---------------------------------------------------------------------- ------------------ CODE ONLY BELOW ------------------ ---------------------------------------------------------------------- use master; go if object_id('dbo.sp_replCheckLatency_allPubs') > 0 drop procedure dbo.sp_replCheckLatency_allPubs; go create procedure dbo.sp_replCheckLatency_allPubs @database nvarchar(500) = '', -- Database to limit results to - by default all db's are included in execution @waitDelaySeconds smallint = 15, -- Time, in seconds, to delay for before checking for a response from the -- dist/subs...must be between 0 and 60... @retryAttemptsIfNoResponse smallint = 2, -- # of times to retry checking for results prior to giving up and flagging an error -- for each publication...must be between 0 and 10... @noOutputDisplay bit = 0, -- If set (1), no result is returned, execution is simply performed with no reporting... @outputTable nvarchar(1500) = null -- Fully qualified (i.e. server.db.owner.tablename) table to store the output to - If -- the table exists, data will be appended to it as /* exec dbo.sp_replCheckLatency_allPubs @database = 'GratisInternet', @waitDelaySeconds = 20, @retryAttemptsIfNoResponse = default, @noOutputDisplay = default, @outputTable = 'GratisAdminDb.dbo.ztbl_repl_latency'; */ set nocount on; declare @dbname nvarchar(300), @sql nvarchar(max), @i int, @n int, @y smallint, @errString varchar(max), @postTime datetime, @waitFor nvarchar(100); if object_id('tempdb..#tokens') > 0 drop table #tokens; if object_id('tempdb..#response') > 0 drop table #response; -- Format... select @database = case when len(@database) > 0 then @database else '' end, @waitDelaySeconds = case when @waitDelaySeconds between 0 and 60 then @waitDelaySeconds else 15 end, @retryAttemptsIfNoResponse = case when @retryAttemptsIfNoResponse between 0 and 10 then @retryAttemptsIfNoResponse else 2 end, @noOutputDisplay = case when @noOutputDisplay > 0 then @noOutputDisplay else 0 end; select @waitFor = '000:00:' + cast(@waitDelaySeconds as varchar(10)) + '.000'; -- Table to hold listing of tokens... create table #tokens (id int identity(1,1) not null, dbname nvarchar(300), pub nvarchar(1000), tokenid int, postTime datetime); create table #response (id int, distLatency bigint, subscriber nvarchar(500), subscriberDb nvarchar(500), subLatency bigint, overallLatency bigint, sqlText nvarchar(max), postTime datetime, lastCheckTime datetime, errorString varchar(max)); declare dbCursor cursor local fast_forward for select name from sys.databases where is_published > 0 and ((name = @database) or (len(isnull(@database,'')) = 0)); open dbCursor; while 1=1 begin fetch next from dbCursor into @dbname; if @@fetch_status <> 0 break; select @sql = N' -- Use the database we are in... use ' + @dbname + '; declare @pub nvarchar(500), @token int; if isnull(object_id(''dbo.syspublications''),0) = 0 return; -- Get list of all publications in this db... declare pubsCursor cursor local fast_forward for select name from dbo.syspublications where status > 0; open pubsCursor; while 1=1 begin fetch next from pubsCursor into @pub; if @@fetch_status <> 0 break; -- Post a token to this publication... exec sys.sp_posttracertoken @publication = @pub, @tracer_token_id = @token output -- Add this info to the tracking table insert #tokens (dbname, pub, tokenid, postTime) select @dbname, @pub, @token, getdate(); end close pubsCursor; deallocate pubsCursor;'; exec dbo.sp_executesql @sql, N'@dbname nvarchar(300)', @dbname; end -- Close the cursor... close dbCursor; deallocate dbCursor; -- Pause for a bit... waitfor delay @waitFor; -- Now that we've posted a token, time to check the responses for each of them... select @i = min(id), @n = max(id), @sql = N'', @y = 0 from #tokens; -- Get each response... while @i <= @n begin select @sql = N'exec ' + dbname + '.dbo.sp_helptracertokenhistory @publication = ''' + pub + ''', @tracer_id = ' + cast(tokenid as varchar(50)) + ';', @postTime = postTime from #tokens where id = @i; -- Execute if we have something for this id... if len(@sql) > 0 begin -- Push in the response data... insert #response (distLatency, subscriber, subscriberDb, subLatency, overallLatency) exec (@sql); -- Add the sql text... update #response set sqlText = @sql, id = @i, lastCheckTime = getdate(), postTime = @postTime where sqlText is null; -- Did we get a response? If not, wait another bit of time, then recheck... if exists(select * from #response where id = @i and overallLatency is null) begin -- If we haven't got a response after @retryAttemptsIfNoResponse tries, this is an error... if @y >= @retryAttemptsIfNoResponse begin select @errString = 'REPLICATION LATENCY ERROR - Server ' + quotename(@@servername) + ', Publication ' + quotename(pub) +'. ' + char(13) + char(10) + 'Token initiated ' + quotename(convert(varchar(50), postTime, 109)) + '. No response by ' + quotename(convert(varchar(50), getdate(), 109)) + '.' + char(13) + char(10) + 'Latency exceeds ' + quotename(cast(datediff(second, postTime, getdate()) as varchar(50))) + ' seconds.' from #tokens where id = @i; -- Post the error string... update #response set errorString = @errString where id = @i; -- Reset the sub-counter... select @y = 0; end else begin -- Pause and retry this token... waitfor delay @waitFor; delete #response where id = @i; select @i = @i - 1, @y = @y + 1; end -- if @y >= 2 end -- if exists(select * from #response where id = @i and overallLatency is null) end -- if len(@sql) > 0 select @i = @i + 1, @sql = N''; end -- while @i <= @n -- Capture if we should if len(@outputTable) > 0 begin select @sql = ' if isnull(object_id(''' + @outputTable + '''),0) = 0 create table ' + @outputTable + ' ( distLatency bigint, subscriber nvarchar(500), subscriberDb nvarchar(500), subLatency bigint, overallLatency bigint, sqlText nvarchar(max), postTime datetime, lastCheckTime datetime, errorString varchar(max) ); insert ' + @outputTable + ' (distLatency,subscriber,subscriberDb,subLatency,overallLatency,sqlText,postTime,lastCheckTime,errorString) select distLatency,subscriber,subscriberDb,subLatency,overallLatency,sqlText,postTime,lastCheckTime,errorString from #response;'; exec (@sql); end -- Display results... if isnull(@noOutputDisplay,0) = 0 select distLatency, cast(subscriber as varchar(100)) as subscriber, cast(subscriberDb as varchar(100)) as subscriberDb, subLatency, overallLatency, postTime,lastCheckTime, cast(errorString as varchar(350)) as errorString, cast(sqlText as varchar(350)) as sqlText from #response; -- Raise an error if needed... if exists(select * from #response where len(errorString) > 0) raiserror ('Replication Agent Latency Detected. See ErrorString output for details.', 16, 15); if object_id('tempdb..#tokens') > 0 drop table #tokens; if object_id('tempdb..#response') > 0 drop table #response; go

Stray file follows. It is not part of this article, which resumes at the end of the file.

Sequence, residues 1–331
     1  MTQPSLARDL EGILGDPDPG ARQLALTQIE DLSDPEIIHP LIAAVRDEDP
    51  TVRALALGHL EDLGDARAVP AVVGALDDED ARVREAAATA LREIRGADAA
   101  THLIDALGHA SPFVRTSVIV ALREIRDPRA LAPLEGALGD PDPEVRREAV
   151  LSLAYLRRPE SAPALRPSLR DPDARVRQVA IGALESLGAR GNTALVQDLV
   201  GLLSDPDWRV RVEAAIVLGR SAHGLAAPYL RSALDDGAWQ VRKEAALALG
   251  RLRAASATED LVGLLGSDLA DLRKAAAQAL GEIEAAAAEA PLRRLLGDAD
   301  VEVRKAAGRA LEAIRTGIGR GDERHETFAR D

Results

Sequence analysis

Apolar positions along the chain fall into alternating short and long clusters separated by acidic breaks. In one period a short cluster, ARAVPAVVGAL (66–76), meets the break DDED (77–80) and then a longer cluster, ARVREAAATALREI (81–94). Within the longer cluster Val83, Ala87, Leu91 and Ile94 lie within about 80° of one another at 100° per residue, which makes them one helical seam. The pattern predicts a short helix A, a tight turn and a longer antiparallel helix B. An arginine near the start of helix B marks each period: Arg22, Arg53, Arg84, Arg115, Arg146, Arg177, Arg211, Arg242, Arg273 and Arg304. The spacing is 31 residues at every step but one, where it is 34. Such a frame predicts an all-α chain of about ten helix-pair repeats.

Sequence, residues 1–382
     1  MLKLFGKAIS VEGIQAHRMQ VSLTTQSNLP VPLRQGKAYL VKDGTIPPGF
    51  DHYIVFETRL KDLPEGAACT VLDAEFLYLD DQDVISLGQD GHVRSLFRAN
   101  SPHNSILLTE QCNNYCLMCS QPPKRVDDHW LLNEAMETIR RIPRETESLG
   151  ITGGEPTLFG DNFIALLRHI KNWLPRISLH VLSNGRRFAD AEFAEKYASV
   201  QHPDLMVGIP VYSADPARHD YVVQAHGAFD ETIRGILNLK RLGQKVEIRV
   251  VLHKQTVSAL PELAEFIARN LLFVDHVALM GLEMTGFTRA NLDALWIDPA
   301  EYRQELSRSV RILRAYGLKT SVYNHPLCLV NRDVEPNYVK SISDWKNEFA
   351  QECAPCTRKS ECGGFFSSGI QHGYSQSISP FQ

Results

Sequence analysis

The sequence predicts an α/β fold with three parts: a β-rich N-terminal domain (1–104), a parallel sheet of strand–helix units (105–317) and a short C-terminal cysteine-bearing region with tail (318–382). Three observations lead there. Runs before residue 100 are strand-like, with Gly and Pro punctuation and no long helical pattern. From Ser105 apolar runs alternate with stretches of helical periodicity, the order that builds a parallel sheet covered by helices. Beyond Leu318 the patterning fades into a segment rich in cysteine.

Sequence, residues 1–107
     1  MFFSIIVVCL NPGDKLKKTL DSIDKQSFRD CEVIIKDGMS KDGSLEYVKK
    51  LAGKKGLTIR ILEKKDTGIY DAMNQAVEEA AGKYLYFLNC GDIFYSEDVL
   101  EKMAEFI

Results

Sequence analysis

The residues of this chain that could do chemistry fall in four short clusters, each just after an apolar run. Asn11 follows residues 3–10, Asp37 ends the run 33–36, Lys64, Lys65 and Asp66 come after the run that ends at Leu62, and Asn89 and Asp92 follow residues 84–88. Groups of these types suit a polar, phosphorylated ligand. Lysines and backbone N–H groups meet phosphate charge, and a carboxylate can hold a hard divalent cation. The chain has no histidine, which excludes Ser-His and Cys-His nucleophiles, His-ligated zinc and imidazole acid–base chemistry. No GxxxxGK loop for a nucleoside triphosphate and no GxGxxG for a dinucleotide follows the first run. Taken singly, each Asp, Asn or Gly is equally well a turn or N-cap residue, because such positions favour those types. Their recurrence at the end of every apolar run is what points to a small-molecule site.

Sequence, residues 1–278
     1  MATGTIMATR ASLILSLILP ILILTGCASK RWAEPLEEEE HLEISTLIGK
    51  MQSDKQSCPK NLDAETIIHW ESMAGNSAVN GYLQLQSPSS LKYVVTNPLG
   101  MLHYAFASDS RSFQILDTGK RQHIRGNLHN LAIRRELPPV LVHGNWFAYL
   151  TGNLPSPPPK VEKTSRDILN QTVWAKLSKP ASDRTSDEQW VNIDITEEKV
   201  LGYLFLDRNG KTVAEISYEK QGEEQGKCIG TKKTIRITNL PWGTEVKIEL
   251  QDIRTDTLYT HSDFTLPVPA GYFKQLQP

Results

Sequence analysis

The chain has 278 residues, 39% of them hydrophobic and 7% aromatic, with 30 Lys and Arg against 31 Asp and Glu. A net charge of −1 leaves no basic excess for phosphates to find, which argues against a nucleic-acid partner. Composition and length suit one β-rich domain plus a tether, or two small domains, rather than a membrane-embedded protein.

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Article Last Updated: 2007-10-24